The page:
Leptospirosis as Frequent Cause of Acute Febrile Illness in Southern Sri Lanka

Johns Hopkins University School of Medicine, Baltimore, MD 21205, USA.
Emerging Infectious Diseases (Impact Factor: 6.75). 09/2011; 17(9):1678-84. DOI: 10.3201/eid1709.100915
Source: PubMed


To determine the proportion of fevers caused by leptospirosis, we obtained serum specimens and epidemiologic and clinical data from patients in Galle, Sri Lanka, March-October 2007. Immunoglobulin M ELISA was performed on paired serum specimens to diagnose acute (seroconversion or 4-fold titer rise) or past (titer without rise) leptospirosis and seroprevalence (acute). We compared (individually) the diagnostic yield of acute-phase specimens and clinical impression with paired specimens for acute leptospirosis. Of 889 patients with paired specimens, 120 had acute leptosoirosis and 241 had past leptospirosis. The sensitivity and specificity of acute-phase serum specimens were 17.5% (95% confidence interval [CI] 11.2%-25.5%) and 69.2% (95% CI 65.5%-72.7%), respectively, and of clinical impression 22.9% (95% CI 15.4%-32.0%) and 91.7% (95% CI 89.2%-93.8%), respectively. For identifying acute leptospirosis, clinical impression is insensitive, and immunoglobulin M results are more insensitive and costly. Rapid, pathogen-based tests for early diagnosis are needed.

Download full-text


Available from: Christopher Woods, Jun 20, 2014
  • Source
    [Show abstract] [Hide abstract]
    ABSTRACT: We studied rickettsioses in southern Sri Lanka. Of 883 febrile patients with paired serum samples, 156 (17.7%) had acute rickettsioses; rickettsioses were unsuspected at presentation. Additionally, 342 (38.7%) had exposure to spotted fever and/or typhus group rickettsioses and 121 (13.7%) scrub typhus. Increased awareness of rickettsioses and better tests are needed.
    Emerging Infectious Diseases 05/2012; 18(5):825-9. DOI:10.3201/eid1805.111563 · 6.75 Impact Factor
  • [Show abstract] [Hide abstract]
    ABSTRACT: According to statistical unit of the Karapitiya Teaching Hospital, Galle, the main tertiary care institution of the Southern Province serving approximately three million population, in 2008, there were 459 patients with clinical diagnosis of leptospirosis, with 25 fatalities, 21 out of which were referred for autopsy examination. Objectives: The present study to study and correlate pathological changes in deaths associated with pulmonary form of leptospirosis with clinico-diagnostic aspects of the infection. There had been 21 leptospirosis related autopsy examinations performed at forensic medicine unit of the Karapitiya Teaching Hospital from January to December 2008. The clinical, laboratory and autopsy findings of these cases were recorded in detail and analyzed. The characteristic autopsy feature of all these cases was a moderate to severe pulmonary haemorrhage in association with hepato-renal, myocardial and cerebral lesions. The histology of the lung tissues in most cases showed extensive alveolar haemorrhages, hyaline like deposits, neutrophilic infiltrations, swollen septa with congested blood vessels. Severe pulmonary complications are mostly responsible for all fatalities due to leptospirosis in our series. Though there are no reliable clinical indicators that suggest probability of developing pulmonary haemorrhages, we emphasize that respiratory functions and haematological parameters need to be closely monitored in all hospitalized patients with leptospirosis for early detection and prevention of haemorrhagic complications.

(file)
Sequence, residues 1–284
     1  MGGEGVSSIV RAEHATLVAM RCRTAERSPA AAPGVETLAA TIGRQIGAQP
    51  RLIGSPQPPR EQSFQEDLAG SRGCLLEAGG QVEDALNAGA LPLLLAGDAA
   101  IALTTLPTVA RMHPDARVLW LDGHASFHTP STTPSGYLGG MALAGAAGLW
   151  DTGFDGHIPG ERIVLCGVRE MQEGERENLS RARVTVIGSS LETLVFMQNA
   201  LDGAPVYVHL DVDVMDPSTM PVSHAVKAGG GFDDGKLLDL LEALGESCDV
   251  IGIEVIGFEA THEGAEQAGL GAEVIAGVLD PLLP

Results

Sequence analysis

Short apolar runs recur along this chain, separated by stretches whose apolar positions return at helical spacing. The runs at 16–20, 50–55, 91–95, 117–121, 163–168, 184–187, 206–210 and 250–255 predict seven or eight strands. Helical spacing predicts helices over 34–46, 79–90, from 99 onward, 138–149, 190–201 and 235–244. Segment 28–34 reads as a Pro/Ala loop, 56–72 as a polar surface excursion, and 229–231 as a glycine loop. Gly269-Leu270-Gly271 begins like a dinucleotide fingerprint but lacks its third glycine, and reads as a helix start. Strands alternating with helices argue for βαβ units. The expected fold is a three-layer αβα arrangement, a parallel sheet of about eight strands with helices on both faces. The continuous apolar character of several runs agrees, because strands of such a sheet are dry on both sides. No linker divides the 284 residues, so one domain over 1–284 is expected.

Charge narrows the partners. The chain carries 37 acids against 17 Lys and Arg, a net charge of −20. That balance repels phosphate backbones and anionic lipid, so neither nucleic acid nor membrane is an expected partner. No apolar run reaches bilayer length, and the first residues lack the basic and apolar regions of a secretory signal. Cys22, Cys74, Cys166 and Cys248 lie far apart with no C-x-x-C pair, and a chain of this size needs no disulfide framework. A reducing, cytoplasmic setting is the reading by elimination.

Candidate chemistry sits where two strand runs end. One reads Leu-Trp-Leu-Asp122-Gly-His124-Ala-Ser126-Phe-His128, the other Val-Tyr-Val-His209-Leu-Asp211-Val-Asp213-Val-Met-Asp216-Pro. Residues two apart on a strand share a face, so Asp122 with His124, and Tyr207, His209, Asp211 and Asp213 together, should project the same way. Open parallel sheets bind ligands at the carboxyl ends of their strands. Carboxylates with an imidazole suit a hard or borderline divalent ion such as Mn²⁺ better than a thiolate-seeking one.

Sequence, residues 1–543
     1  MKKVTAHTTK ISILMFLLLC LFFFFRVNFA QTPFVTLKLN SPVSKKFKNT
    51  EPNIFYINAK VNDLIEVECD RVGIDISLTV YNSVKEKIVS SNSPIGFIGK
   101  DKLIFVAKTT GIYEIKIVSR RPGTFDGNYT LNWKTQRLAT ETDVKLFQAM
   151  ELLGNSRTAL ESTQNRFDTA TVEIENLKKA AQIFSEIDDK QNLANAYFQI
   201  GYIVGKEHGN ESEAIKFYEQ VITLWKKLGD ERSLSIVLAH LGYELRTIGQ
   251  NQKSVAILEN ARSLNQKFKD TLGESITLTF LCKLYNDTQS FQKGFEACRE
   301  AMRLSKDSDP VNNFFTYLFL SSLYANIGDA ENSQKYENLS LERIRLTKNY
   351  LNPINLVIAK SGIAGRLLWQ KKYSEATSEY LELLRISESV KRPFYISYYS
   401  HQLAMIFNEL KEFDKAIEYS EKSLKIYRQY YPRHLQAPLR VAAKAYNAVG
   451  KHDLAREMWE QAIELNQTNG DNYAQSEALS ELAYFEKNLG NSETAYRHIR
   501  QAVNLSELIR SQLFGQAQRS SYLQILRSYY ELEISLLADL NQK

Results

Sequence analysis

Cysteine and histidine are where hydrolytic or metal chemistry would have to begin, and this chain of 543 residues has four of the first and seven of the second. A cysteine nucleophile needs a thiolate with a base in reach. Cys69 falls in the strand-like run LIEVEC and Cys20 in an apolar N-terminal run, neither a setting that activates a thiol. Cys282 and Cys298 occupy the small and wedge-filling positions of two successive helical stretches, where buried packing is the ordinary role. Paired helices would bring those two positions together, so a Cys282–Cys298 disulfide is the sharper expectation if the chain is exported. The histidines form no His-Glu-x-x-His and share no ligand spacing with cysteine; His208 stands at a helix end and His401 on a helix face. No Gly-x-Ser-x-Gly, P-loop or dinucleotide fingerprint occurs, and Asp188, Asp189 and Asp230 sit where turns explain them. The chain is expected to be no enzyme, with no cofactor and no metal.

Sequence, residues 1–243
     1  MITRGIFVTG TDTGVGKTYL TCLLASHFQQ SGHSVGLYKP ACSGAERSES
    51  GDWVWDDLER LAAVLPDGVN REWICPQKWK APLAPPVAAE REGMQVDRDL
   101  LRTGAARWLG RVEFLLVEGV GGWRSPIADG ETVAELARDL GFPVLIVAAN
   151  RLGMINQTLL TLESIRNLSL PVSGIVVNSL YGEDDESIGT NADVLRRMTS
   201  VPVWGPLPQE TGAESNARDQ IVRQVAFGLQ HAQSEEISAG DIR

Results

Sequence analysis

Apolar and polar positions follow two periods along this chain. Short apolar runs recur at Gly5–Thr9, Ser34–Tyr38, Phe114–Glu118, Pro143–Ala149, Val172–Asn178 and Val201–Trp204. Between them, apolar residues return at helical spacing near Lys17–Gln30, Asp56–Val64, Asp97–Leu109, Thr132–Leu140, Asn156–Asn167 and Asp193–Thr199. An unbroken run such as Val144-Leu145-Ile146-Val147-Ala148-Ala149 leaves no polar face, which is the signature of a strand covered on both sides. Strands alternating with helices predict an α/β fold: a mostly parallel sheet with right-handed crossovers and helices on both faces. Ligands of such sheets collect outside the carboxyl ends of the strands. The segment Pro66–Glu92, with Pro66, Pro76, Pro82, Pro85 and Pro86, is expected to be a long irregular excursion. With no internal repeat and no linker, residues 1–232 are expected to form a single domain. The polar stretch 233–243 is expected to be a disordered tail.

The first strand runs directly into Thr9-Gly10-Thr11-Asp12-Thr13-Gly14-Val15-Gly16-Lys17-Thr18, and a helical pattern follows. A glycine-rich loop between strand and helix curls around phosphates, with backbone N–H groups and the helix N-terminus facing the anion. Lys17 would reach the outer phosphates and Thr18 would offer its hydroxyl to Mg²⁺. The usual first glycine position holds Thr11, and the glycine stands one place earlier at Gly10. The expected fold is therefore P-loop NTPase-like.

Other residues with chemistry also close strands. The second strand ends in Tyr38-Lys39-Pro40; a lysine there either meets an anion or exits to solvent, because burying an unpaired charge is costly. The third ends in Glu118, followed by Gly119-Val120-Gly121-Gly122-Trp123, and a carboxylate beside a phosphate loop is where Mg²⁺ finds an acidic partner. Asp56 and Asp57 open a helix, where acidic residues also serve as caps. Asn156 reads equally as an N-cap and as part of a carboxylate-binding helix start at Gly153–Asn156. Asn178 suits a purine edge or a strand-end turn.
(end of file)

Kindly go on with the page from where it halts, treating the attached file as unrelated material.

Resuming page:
The Medical journal of Malaysia 12/2012; 67(6):595-600.
  • Source
    [Show abstract] [Hide abstract]
    ABSTRACT: The recent roll-out of rapid diagnostic tests (RDTs) for malaria has highlighted the decreasing proportion of malaria-attributable illness in endemic areas. Unfortunately, once malaria is excluded, there are few accessible diagnostic tools to guide the management of severe febrile illnesses in low resource settings. This review summarizes the current state of RDT development for several key infections, including dengue fever, enteric fever, leptospirosis, brucellosis, visceral leishmaniasis and human African trypanosomiasis, and highlights many remaining gaps. Most RDTs for non-malarial tropical infections currently rely on the detection of host antibodies against a single infectious agent. The sensitivity and specificity of host-antibody detection tests are both inherently limited. Moreover, prolonged antibody responses to many infections preclude the use of most serological RDTs for monitoring response to treatment and/or for diagnosing relapse. Considering these limitations, there is a pressing need for sensitive pathogen-detection-based RDTs, as have been successfully developed for malaria and dengue. Ultimately, integration of RDTs into a validated syndromic approach to tropical fevers is urgently needed. Related research priorities are to define the evolving epidemiology of fever in the tropics, and to determine how combinations of RDTs could be best used to improve the management of severe and treatable infections requiring specific therapy.
    Clinical Microbiology and Infection 01/2013; 19(5). DOI:10.1111/1469-0691.12154 · 5.77 Impact Factor
Show more